For years now many people in the fantasy community have been predicting the decline of David Ortiz. It’s only natural; once a player reaches a certain age regression is inevitable. The bat speed loses a few mph, the player starts taking extra swings to compensate, the average takes a downward turn and before you know it that once star player is hitting .235 and lucky to launch 20 home runs.
David Ortiz turned 39 this November and is coming off a 30 home run 100 RBI season, his second in two years. It almost seems unfathomable that a player of Ortiz’s age can produce these kinds of numbers well past his prime, but big Papi is not the average player. I often wonder if Ortiz is even human, imagining something out of Men in Black waiting to see a little alien when his head is opened. Well, with another birthday come and gone and a new season approaching quickly, the question must be asked again. Is this the year Big Papi declines or will he continue to amaze us for one more year?
On the surface it seems nothing has changed here. Ortiz hit 30 home runs in 2013 and 35 in 2014, and both seasons were in 518 at bats. In fact, in 3 of the past 5 seasons he has had 518 at bats and one with 525 which make things nice for comparative breakdowns. Ortiz had an average fly ball distance of 297 feet in 2014, down from the 300 feet in 2010 and 302 feet in 2013 but higher than the 295 feet he averaged in 2011. He still has the distance which is impressive when you look at the yearly breakdown for distances and see the decline for players that can hit the ball 300 feet on average. With an ISO of .255 for the past two seasons, it’s clear that even if Ortiz loses a little power, it should not be much.
Walks and strikeouts
Just like the power, these numbers haven’t changed much but are trending in the wrong direction. Ortiz had a walk percentage of 12.5 in 2014, slightly lower than the 12.7 in 2013 and even lower than the 14.6 in 2012. The numbers are still above average so even a drop to 12.0 would be good, just not Papi good. The strikeouts percentage is on the rise, but not at an out of control rate. In 2014 it was 15.8, up from 14.7 in 2013 and 13.3 in 2012. At its current rate of growth Ortiz could have a K% close to 17 in 2015 which is slightly higher than the 16.5 Streamer is projecting. Unless Ortiz has that cliff year, you can expect a similar yet slightly less effective Ortiz next year in this department.
After three straight years of an O-Swing% around 27, the number went up to 30.2% in 2014. Ortiz is still swinging at the same number of pitches (46% the past two seasons), but in 2014 he was chasing a few more outside the zone. I mentioned earlier players swinging at extra pitches to compensate for a potential loss of bat speed; this could be a sign of just that. The O-Contact% was up as well from 2013 (69% from 67%), but still lower than the 73 and 77 percent he averaged in 2011 and 2012. It was the same thing with the overall contact rate, up from 2013 (81.7% from 80.4%) but lower that the previous seasons in 2011 and 2012 (83.3% and 84.7%). The extra contact is usually good for boosting the batting average, but there were other issues keeping that down.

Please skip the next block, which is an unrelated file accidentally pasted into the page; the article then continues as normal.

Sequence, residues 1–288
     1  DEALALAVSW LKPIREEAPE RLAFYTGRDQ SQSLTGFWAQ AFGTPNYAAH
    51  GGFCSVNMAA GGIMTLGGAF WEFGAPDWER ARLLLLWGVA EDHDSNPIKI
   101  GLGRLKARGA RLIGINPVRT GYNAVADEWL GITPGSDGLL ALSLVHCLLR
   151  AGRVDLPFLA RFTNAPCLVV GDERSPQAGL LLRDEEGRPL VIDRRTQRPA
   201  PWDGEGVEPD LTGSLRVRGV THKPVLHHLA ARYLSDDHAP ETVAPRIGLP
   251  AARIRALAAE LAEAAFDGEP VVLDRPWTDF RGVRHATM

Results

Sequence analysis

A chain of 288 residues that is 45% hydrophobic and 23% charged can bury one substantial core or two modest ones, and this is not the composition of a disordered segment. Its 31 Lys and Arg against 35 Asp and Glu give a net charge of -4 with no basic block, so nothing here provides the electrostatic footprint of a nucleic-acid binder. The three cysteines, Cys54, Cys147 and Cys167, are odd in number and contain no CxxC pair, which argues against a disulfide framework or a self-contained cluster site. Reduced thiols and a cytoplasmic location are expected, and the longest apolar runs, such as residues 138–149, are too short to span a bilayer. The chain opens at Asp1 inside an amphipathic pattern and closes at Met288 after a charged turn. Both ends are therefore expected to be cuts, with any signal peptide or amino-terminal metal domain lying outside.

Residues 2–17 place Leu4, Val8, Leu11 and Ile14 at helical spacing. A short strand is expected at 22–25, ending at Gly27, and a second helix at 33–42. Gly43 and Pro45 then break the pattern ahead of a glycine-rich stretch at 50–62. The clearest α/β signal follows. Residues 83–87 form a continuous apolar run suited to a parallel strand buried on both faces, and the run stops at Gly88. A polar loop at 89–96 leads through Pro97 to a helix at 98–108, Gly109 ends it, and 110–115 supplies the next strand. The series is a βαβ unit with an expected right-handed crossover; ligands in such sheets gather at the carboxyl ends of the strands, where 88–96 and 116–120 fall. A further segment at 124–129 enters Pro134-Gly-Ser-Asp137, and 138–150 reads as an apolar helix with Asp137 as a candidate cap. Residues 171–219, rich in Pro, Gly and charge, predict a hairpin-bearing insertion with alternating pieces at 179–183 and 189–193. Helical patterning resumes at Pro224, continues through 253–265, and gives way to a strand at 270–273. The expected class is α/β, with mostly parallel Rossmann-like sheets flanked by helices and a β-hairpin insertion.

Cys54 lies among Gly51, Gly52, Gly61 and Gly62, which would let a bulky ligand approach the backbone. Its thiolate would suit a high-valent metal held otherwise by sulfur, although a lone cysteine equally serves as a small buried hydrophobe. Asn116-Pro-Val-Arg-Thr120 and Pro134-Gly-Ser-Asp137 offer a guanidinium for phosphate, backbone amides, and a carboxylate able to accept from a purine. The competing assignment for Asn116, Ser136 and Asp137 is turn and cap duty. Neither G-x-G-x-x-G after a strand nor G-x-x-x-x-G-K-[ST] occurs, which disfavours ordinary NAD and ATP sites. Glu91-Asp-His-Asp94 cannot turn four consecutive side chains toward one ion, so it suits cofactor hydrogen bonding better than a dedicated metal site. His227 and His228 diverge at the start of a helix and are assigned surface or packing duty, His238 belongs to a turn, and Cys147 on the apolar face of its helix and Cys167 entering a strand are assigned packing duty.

Batted Ball Profile and Average
While Ortiz was making a little more contact, those extra balls were in the air. His FB% was up dramatically from 2013, going from 38.7% to 45.7%. Those extra fly balls were at the cost of a diminished LD%, from 22.6% to 17.7%. The line drive and fly ball percentages are what Ortiz was putting up from 2006 to 2010 when his average fluctuated anywhere from .238 to .332. From 2011 to 2013 his LD% was in the low 20’s while his FB% stayed steady in the high 30’s. It was during this 3 year stretch that Ortiz managed to maintain a batting average above .300.
In order for Ortiz to bring the average up he will have to raise his line drive percentage. If he can’t you’re looking at an average in the .265 range as a best case scenario. Again, an acceptable average if he can maintain the power stroke and is similar to his years prior to 2011.
So right now, other than the batting average, it looks like Big Papi is one his way to a season similar to the one we saw in 2014. It could be a cross between 2013 and 2014 if he can bring the average up, but there is one last factor we must consider with Ortiz.
In real life 39 years old is no big deal, but in the sporting world it’s ancient. Not that many players produce fantasy relevant numbers past a certain age, so let’s take a look at some power hitting players from yesteryear to see how they fared at age 39.